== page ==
Illinois police holding person of interest in woman's death

Saturday, September 23, 2006

Jimella Tunstall was found in a weedy lot, a fetus apparently cut from her womb.

EAST ST. LOUIS, Ill. -- Police on Friday desperately searched for the three young children of a woman whose body was found in a weedy lot, a fetus apparently cut from her womb, possibly with scissors an investigator says were found near the woman's body.

"Our main concern at this point is trying to find the children alive," Illinois State Police Capt. Craig Koehler said Friday.

Authorities provided few details of the investigation, and while they continued to keep a woman in custody, they stopped short of calling her a suspect in the slaying of 23-year-old Jimella Tunstall, saying only that she was a person of interest.

The missing children were last seen Monday with the woman in custody, authorities said without elaborating.

"We're not rushing to judgment," St. Clair County State's Attorney Robert Haida said. "We are taking our time and waiting on reports from investigators." Haida said he did not expect charges to be filed on Friday.

The Associated Press is not naming the woman because she has not been charged with any crime.

Friday's search came one day after a funeral for the baby during which the 26-year-old woman told her boyfriend the child was not hers and that she had killed a woman and taken her baby, East St. Louis police chief James Mister said. The boyfriend, a sailor home on leave, reported the conversation to authorities, the Belleville News-Democrat and St. Louis Post-Dispatch reported.

That triggered a search for the woman, who was taken into custody later that night. Also on Thursday, police found Tunstall's body in a weedy lot near a house in East St. Louis.

Meanwhile, authorities learned that Tunstall's three children were missing. On Friday the search for Demond Tunstall, 7, Ivan Tunstall Collins, 2, and Jinella Tunstall, 1, centered on Frank Holton State Park in East St. Louis. Authorities would not reveal why they were searching the densely wooded park, saying only that during investigation they received information that led them there.

Dozens in search

Dozens of police officers and firefighters took part in the search, which also included a boat searching the shoreline of a lake at the park and a cadaver dog.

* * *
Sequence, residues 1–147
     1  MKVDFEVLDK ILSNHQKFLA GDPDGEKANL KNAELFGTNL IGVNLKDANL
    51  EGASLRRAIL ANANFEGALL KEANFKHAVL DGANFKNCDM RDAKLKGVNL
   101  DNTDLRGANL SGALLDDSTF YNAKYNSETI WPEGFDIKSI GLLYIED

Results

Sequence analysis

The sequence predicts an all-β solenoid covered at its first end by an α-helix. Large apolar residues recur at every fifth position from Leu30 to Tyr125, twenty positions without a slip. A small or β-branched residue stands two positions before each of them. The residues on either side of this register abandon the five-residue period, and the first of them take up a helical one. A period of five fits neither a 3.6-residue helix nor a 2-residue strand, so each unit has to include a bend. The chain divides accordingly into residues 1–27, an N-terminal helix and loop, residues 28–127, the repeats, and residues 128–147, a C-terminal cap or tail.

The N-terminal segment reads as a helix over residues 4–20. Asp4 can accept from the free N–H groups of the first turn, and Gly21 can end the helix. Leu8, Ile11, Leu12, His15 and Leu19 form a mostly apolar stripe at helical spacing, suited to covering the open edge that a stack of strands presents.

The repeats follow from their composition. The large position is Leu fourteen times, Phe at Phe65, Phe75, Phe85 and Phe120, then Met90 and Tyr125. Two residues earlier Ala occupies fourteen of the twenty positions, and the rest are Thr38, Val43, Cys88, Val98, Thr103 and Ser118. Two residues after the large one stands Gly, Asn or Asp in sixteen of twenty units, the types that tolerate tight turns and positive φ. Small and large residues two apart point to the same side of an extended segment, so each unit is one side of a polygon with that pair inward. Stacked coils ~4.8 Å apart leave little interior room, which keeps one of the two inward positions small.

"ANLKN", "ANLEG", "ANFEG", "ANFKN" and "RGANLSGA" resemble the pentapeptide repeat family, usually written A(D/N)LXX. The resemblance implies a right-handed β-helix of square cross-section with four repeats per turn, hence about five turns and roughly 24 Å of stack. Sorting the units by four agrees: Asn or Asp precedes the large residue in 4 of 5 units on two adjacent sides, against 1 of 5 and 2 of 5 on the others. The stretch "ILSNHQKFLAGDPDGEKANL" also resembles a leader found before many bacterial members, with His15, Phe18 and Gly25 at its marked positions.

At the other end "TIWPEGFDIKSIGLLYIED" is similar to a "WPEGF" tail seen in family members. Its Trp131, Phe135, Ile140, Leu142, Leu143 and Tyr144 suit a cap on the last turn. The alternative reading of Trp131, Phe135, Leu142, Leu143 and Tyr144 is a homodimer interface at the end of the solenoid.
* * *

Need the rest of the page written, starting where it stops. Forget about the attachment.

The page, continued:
Also unanswered was the relationship between the woman in custody and the dead woman. Authorities have not said whether the two women knew each other, with Mister saying only that the children were last seen on Monday in East St. Louis with the woman who was in custody.

Ace Hart, a deputy St. Clair County coroner, told the AP Friday the woman in custody first came to the attention of authorities a week earlier when she summoned police from the Frank Holton park, saying she had gone into labor for differing reasons, alternately saying she had consensual sex and was sexually attacked.

Hart said the woman was taken to a Centreville hospital with the stillborn baby, who showed no signs of trauma. An autopsy on the baby the next day failed to pinpoint what caused its death, leaving authorities awaiting toxicology tests to help determine that.

The woman wouldn't let doctors at the hospital examine her, Hart said.

An autopsy Friday on the dead woman revealed that she died of an "incise wound to the abdomen," caused by some form of "sharp object" that perhaps were scissors found near her body, Hart said.

"We're thinking it's scissors," said Hart, deputy coroner for 23 years.

The death "was very graphic and very brutal," he said.

The East St. Louis case is the second recent case in the St. Louis area involving babies.

Shannon Torrez, 36, of Lonedell, Mo., is accused of slashing a young mother's throat and kidnapping her baby on Sept. 15. The baby was returned unharmed Tuesday, the same day Torrez was arrested.

Also in Missouri, Lisa Montgomery awaits trial in the abduction of an unborn girl taken from the womb of Bobbie Jo Stinnett at her Skidmore, Mo., home in December 2004. The baby survived.

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